"Hurry up, but don't worry if you need to start over" - the peculiar pacing of project-based learning

As my students prepare to scan the drafts of their Absolutely True Comics and add lettering in photoshop, I find myself sending mixed messages. 

On the one hand, I'm urging students who don't yet have well-drawn drafts to pick up their pace, so they don't miss their deadline on Thursday. On the other hand, I'm assuring students who are receiving critique that if they conclude from their critique that they need to restart their draft from scratch, that's OK - and doing so won't set them back too much.

This is a peculiarity of project-based learning. One of its central tenets (at least, if you follow what one might call the "Ron Berger School" of PBL) is that in order to create "beautiful work" students need to be able to make drastic changes to their drafts based on critique, even to the point of starting fresh (at least in the first few rounds of critique). I believe this wholeheartedly - but I hadn't anticipated, until now, the strange position that puts me in. Essentially, my message is "hurry up and finish, but once you're finished, it's OK if you need to start from scratch." This leads to the obvious question "Well, if I have time to start again from scratch, and I already think my draft is going to be good enough, why do I need to hurry?"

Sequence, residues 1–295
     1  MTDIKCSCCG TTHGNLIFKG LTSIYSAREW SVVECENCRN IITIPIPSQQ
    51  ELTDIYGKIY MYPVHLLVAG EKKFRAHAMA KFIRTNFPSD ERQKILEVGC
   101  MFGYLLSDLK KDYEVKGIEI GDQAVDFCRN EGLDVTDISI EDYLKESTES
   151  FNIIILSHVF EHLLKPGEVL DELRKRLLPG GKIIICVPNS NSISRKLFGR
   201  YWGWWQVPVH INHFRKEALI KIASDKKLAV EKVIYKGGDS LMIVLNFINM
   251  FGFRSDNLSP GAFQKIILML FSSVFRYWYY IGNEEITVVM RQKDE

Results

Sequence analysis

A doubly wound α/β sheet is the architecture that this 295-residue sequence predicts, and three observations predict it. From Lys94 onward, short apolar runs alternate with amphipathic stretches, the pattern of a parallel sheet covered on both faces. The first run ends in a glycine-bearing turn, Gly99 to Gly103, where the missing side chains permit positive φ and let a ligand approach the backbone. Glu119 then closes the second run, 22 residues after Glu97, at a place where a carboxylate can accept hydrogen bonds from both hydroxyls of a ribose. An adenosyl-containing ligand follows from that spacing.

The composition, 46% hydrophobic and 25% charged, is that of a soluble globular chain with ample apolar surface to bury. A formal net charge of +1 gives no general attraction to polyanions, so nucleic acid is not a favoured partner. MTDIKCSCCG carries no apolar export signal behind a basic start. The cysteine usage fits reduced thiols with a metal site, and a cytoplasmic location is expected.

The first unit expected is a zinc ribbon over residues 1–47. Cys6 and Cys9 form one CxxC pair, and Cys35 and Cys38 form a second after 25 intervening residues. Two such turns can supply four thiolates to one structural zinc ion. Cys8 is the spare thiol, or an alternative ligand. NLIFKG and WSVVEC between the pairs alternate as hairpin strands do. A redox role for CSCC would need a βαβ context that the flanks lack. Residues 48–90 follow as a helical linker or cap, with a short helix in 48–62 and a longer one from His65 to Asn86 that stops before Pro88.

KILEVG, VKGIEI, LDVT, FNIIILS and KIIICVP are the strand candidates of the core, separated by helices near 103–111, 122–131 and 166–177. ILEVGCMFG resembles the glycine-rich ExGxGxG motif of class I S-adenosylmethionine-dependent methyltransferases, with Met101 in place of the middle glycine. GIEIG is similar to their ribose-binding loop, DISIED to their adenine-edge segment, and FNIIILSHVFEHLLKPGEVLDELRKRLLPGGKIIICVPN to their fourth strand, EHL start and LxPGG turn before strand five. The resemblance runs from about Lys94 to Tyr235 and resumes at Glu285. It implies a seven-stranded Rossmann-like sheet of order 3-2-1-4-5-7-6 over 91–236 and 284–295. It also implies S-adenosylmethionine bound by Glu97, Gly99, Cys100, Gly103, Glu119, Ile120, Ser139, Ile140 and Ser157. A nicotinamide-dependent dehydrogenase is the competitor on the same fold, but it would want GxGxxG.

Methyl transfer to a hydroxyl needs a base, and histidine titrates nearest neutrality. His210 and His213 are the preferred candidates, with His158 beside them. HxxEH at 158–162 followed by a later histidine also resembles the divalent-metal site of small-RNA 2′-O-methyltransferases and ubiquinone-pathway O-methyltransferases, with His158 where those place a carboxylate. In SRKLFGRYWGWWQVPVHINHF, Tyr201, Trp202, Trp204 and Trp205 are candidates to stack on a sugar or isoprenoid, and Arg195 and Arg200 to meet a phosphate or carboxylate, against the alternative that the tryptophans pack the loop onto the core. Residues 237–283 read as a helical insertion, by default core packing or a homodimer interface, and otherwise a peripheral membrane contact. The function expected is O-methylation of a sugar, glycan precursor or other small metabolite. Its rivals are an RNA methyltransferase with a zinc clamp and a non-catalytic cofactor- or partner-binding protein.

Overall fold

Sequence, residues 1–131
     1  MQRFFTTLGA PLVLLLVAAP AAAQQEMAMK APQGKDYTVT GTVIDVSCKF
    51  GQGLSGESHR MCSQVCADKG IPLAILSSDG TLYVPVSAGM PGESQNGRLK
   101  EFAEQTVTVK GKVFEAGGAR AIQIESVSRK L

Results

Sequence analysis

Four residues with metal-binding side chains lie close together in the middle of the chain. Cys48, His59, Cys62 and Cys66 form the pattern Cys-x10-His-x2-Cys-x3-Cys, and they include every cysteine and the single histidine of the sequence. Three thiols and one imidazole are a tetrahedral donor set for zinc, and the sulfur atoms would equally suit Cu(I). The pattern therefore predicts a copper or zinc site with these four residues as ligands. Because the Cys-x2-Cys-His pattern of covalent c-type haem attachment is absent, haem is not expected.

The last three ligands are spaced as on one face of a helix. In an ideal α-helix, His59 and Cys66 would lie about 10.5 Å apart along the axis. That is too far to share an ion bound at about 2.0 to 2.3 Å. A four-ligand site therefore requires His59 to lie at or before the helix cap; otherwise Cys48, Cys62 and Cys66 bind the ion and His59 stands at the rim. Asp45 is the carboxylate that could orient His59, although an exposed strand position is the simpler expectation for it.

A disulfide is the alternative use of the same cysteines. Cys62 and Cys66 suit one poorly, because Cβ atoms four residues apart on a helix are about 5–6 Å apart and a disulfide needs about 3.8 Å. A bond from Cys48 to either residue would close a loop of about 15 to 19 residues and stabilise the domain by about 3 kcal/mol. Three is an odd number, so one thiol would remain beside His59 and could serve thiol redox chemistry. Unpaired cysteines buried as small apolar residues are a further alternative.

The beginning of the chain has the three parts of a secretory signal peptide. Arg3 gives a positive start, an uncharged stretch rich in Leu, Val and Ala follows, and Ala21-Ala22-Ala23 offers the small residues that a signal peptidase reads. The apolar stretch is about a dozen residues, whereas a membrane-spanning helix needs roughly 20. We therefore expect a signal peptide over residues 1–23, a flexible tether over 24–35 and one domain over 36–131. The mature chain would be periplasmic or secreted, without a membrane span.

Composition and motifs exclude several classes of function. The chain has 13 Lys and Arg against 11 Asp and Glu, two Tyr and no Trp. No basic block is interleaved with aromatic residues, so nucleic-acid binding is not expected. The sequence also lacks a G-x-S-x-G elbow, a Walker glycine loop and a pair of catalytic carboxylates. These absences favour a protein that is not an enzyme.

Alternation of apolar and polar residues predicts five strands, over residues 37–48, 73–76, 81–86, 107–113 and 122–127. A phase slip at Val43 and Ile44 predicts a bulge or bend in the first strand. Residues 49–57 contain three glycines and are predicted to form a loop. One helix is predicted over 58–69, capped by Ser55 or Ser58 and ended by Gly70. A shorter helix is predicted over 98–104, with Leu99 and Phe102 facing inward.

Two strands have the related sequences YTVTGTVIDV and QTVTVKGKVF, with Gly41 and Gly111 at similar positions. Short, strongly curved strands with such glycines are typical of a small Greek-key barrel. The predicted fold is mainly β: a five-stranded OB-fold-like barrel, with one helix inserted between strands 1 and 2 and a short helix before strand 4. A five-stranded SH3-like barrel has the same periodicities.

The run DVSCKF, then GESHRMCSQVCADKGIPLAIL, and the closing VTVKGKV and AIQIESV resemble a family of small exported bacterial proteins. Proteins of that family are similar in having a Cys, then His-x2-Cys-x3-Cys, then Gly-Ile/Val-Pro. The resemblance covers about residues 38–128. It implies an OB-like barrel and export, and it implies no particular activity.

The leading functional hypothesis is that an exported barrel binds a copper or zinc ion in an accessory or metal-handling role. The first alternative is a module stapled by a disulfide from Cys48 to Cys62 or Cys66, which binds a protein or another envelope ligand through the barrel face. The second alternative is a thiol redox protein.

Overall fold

I was talking about this with my director, and he pointed out that it's much quicker to redo something than it is to do it the first time - this is true, but not necessarily easy to communicate to anybody (teenage or adult) who is in the middle of a draft.

The Sultan of Summaries, and other alliterative titles

[Apologies for the bizarre numbering in this post - I can't get the numbers to behave normally, so there are lots of "ones"]


I started teaching high school with a classic university lecturer’s attitude to reading - that is, I had the following assumptions: